The Power of Connecting

The Power of Connecting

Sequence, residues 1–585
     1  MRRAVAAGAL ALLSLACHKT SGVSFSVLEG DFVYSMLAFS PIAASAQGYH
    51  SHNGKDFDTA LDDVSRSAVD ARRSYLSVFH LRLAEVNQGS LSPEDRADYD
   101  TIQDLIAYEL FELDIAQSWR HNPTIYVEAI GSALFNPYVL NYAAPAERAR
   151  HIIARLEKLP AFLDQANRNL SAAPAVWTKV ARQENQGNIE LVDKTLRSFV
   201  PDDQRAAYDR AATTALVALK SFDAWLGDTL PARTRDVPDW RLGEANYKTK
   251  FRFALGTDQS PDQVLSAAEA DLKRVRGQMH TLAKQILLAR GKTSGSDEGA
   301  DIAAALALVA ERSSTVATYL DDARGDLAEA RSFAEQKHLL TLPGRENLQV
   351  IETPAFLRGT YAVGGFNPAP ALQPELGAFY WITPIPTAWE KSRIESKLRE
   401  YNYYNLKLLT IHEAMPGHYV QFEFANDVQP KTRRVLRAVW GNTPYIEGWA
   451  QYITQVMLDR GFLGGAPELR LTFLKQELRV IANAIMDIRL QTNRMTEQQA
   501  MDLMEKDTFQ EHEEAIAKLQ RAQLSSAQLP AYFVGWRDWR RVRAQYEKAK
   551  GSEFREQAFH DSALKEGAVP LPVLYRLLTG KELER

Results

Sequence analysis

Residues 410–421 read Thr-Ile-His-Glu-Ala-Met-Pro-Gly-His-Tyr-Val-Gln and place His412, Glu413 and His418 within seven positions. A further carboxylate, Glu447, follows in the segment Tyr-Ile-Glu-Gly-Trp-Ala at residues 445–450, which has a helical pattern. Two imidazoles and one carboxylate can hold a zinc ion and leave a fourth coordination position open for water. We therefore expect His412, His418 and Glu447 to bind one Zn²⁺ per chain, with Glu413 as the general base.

Julie & Patrick finalThis week has marked both World Suicide Prevention Day and R U Ok Day.  These events provide an opportunity to raise awareness of the vital importance of mental health and how we can connect with each other in our own communities.  In a world that is so busy, crazy, connecting with each other on more than a superficial level can be really challenging. But the power of connecting is so important for ourselves and those around us. Someone that I love to connect with and truly admire and respect is Patrick Hollingworth.  At 193cm or 6 foot 4 inches, Patrick towers over me and it is hard to believe that this is a man who has always had a chronic fear of heights.  In 2006, during the 9 hours and 12 minutes that it took him to swim the arduous 20 km Rottnest Channel in Western Australia, Patrick hatched a plan that would address his fear of heights.  Patrick also had another, more insidious issue that needed regular care.  For more than half of his life, this adventurer has battled with depression, the infamous ‘Black Dog’ that affects one out of eight Australians. Mountain climbing was set to become the best physical and mental therapy that Patrick could ever dream of. Central to his plan hatched while powering through the Indian Ocean, was the worlds tallest mountain, Mt Everest. Setting his sights on the Himalayan Giant, Patrick spent the next four years obtaining the necessary experience to allow him to climb progressively higher mountains. This journey led him to the Rocky Mountains in Canada, Spantik (7000 m) in Pakistan, Denali (6,194m) – the highest mountain in North America, and several climbs in the Himalaya’s including Cho Oyu and Ama Dablam. Rather than stop him, Patrick has used his fear to conquer some of the tallest mountains in the world. In turn, these giants have assisted him to keep his depression at bay. In March 2010, Patrick became only the third West Australian to summit the ultimate prize, the true Himalayan giant Mt Everest. At 8,848 metres or 29,029 feet tall, this peak is a hard taskmaster with a 30% success rate for reaching the summit. For every ten successful ascent’s there is one death with 80% of deaths occurring on the descent due to the high elevation and corresponding lack of oxygen, extreme temperatures and weather. Despite the elation of success, Patrick readily admits that every one of the 40 minutes he spent at the top of Mt Everest were some of the scariest he has ever experienced. This inspirational West Australian continues to climb mountains around the world setting his own goals and leading others in expeditions. Ideally Patrick wants to use his adventures to raise awareness of depression, reduce its stigma in our society and provide inspiration and comfort to others who are suffering. During the early part of his mountaineeering career, Patrick admits that he never recognised climbing mountains as anything special, it was just something that he chose to do for the excitement and sense of adventure. Part of him still believes that there is nothing special about it – in the simplest form, you climb up to the top, turn around and go back down again. Over time, he has begun to appreciate that it is in the moments of exhaustion, fear and doubt, when we truly stretch ourselves to the edge of our limits, that we learn much about ourselves. And the value of perseverance, in order to achieve competence and our dreams. Yo can read more  about Patrick and other inspirational people in my book, ‘Ready, Set…Go’  

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